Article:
The method for forming radial bands in accordance with the present invention comprises wrapping a polyester resin impregnated fiberglass tape or equivalent about a form so as to form an extended loop of material comprising multiple numbers of layers of tape. The loop is then twisted so as to form an extended band having individual smaller loops 48 at opposite ends thereof. The band is then stretched to create a predetermined amount of tension in the band and cured thermally for at least 4 hours at C. to form a precured radial band. In one form, the form on which the tape is wound includes pins of the type for use in attaching the radial band to a generator assembly. In the winding process, at least a first few layers of tape are wound around at least one of the pins so as to form a tightly fitting ring around the pin. Thereafter the tape is wound between the two pins so as to form the radial band. After forming of the radial band, one of the pins is fitted into a cylindrical anchor assembly such as assembly 52 having external threads. In installing the radial band clamps into an electrical generator, the radial band clamp with anchor attached is fed through phase group openings in the end winding assembly of a generator. The end of the precured radial band 46 to be attached to anchor assembly 52 is fed through an aperture in an inner support ring 42 with pin 50 being attached to an opposite end of the band 46. After insertion through the aperture, the anchor assembly 52 is attached to the band end using pin 52. Anchor assembly 52 is then fed into a threaded and mating hole in the outer support cone 40. Thereafter, a hydraulic jack may be utilized to stretch the radial band to a predetermined tension while placing shims under the pin 50 so as to maintain the tension on the radial band after the hydraulic jack is removed.

The method for assembling the ring clamp apparatus may be readily practiced in the field as well as during manufacture. While loosening of the precured radial bands 46 is not contemplated, the inventive apparatus and method of assembly allow for field adjustments in radial band tension and replacement of the end turn support components. Loosening due to creep relaxation is controllable by the spring constant of the precured radial band. Thus, there is provided a novel clamp apparatus which overcomes the limitations of the prior art radial clamping assemblies that require band curing after installation and the use of either spring washers or spring plates to control tension.

While the principles of the invention have been set forth in a particular embodiment, other modifications and arrangements of the present invention will become apparent to those skilled in the art. Accordingly, it is intended that the invention be interpreted within the full spirit and scope of the appended claims.


1. A method for clamping top and bottom coils extending from slots in an electric generator stator core and arranged in an overlapping pattern forming a plurality of apertures between adjacent coils, a top ring positionable above the top coils, a ring shaped support cone positioned below the bottom coils, the support cone having an inside annular surface positioned against the bottom coil and including a hole through the inside annular surface, the top ring including at least one aperture aligned with an opening between phase groups, the hole being aligned with the opening, the method comprising the steps of:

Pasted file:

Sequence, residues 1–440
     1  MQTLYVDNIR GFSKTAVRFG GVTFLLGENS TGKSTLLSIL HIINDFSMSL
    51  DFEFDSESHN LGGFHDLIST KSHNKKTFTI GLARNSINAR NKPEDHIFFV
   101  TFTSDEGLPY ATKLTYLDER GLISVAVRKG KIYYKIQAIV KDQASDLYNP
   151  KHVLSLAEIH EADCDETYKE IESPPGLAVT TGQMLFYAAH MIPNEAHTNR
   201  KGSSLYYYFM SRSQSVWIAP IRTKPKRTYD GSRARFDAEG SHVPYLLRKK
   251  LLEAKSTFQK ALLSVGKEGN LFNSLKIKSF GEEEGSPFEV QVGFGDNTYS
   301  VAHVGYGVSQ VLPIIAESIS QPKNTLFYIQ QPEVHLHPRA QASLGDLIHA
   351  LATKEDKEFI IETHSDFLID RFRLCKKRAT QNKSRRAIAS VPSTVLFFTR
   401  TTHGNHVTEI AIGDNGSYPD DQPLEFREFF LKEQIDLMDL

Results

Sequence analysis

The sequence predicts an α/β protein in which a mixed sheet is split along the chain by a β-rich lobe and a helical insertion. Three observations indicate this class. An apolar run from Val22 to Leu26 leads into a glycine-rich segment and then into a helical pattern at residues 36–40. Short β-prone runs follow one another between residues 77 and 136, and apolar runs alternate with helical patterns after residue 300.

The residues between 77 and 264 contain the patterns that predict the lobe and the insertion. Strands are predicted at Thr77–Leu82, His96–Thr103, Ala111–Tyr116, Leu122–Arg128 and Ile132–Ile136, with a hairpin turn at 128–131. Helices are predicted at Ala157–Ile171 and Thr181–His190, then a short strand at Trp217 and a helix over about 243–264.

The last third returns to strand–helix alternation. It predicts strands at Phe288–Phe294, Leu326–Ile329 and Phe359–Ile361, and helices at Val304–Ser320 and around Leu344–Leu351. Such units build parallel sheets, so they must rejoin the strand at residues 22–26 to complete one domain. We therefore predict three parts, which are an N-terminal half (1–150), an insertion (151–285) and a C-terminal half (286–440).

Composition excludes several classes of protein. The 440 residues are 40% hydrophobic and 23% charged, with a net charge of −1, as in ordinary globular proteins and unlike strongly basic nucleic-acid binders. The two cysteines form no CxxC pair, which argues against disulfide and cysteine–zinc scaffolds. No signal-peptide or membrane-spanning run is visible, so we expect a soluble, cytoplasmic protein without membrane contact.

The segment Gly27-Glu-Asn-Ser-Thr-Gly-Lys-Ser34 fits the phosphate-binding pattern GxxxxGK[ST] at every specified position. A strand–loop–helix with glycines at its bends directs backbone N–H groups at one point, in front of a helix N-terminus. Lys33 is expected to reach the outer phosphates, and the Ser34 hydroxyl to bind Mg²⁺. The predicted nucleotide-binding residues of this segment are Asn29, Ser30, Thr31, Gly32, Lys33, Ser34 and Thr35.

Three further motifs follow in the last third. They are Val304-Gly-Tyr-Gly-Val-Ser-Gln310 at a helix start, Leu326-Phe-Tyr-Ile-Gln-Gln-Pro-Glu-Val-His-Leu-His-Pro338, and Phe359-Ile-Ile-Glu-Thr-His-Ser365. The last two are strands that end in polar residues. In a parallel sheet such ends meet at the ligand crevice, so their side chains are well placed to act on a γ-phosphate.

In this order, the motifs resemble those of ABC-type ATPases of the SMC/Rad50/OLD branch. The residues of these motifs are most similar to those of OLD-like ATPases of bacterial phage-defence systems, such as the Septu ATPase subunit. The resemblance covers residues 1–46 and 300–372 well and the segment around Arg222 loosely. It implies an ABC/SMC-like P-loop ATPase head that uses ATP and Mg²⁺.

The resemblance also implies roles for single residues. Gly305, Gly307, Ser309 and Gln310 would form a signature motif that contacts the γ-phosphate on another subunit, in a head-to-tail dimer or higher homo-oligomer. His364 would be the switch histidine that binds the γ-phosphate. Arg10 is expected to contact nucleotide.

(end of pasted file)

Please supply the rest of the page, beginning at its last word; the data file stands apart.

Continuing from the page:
forming a resin impregnated radial band;
twisting the radial band to form loops at each end thereof;
precuring the radial band under tension;
coupling one of the loops to an assembly;
passing the anchor assembly between the coils and into the cone hole;
securing the anchor assembly within the cone hole;
aligning a top ring aperture with the cone hole;
aligning a top ring aperture with the cone hole;
passing another of the loops of the radial band through the ring aperture; and
placing a pin through another of the loops to secure the precured radial band.

2. The method of claim 1 further comprising the steps of:

pulling the pin radially inward from the top ring; and
shimming between the pin and the top ring for stretching the precured radial band.

3. The method of claim 1 wherein the cone hole has internal threads and the anchor assembly has an externally threaded outer cylindrical surface, the step of securing the anchor assembly comprising threading the assembly into the cone hole.

4. The method of claim 3 wherein the step of coupling the one of the loops of the precured radial band to the anchor assembly comprises the steps of passing a wrist pin through the anchor assembly and the one of the loops.

5. The method of claim 3 wherein the step of threading the anchor assembly into the cone hole includes threading the anchor assembly to a selectable depth in the cone hole to vary the effective span of the precured radial band.

6. The method of claim 3 wherein the step of forming the radial band includes the steps of:

wrapping a predetermined number of layers of a resin impregnated fiber glass tape about a pair of spaced pins;
twisting the wrapped layers of tape to form a band having a loop at each end; and
curing the twisted band to form the radial band.
Referenced Cited
U.S. Patent Documents
RE28478 July 1975 Bahn et al.
3024302 March 1962 Coggeshall
3089048 May 1963 Bahn et al.
3344296 September 1967 Coggeshall et al.
3344297 September 1967 Bishop et al.
3348085 October 1967 Coggeshall et al.
4238339 December 9, 1980 Khutoretsky et al.
4387317 June 7, 1983 Alkire et al.
4563607 January 7, 1986 Cooper et al.
Patent History
Patent number: 4782579
Type: Grant
Filed: Nov 3, 1987
Date of Patent: Nov 8, 1988
Assignee: Westinghouse Electric Corp. (Pittsburgh, PA)
Inventors: Charles M. Rowe (Orlando, FL), Hector O. Ponce (Winter Park, FL), David H. Kistler (Deltona, FL)
Primary Examiner: P. W. Echols
Attorney: D. C. Abeles
Application Number: 7/116,090
Current U.S. Class: Dynamoelectric Machine (29/596); 310/42; End Turn Supports (310/260)
International Classification: H02K 1514;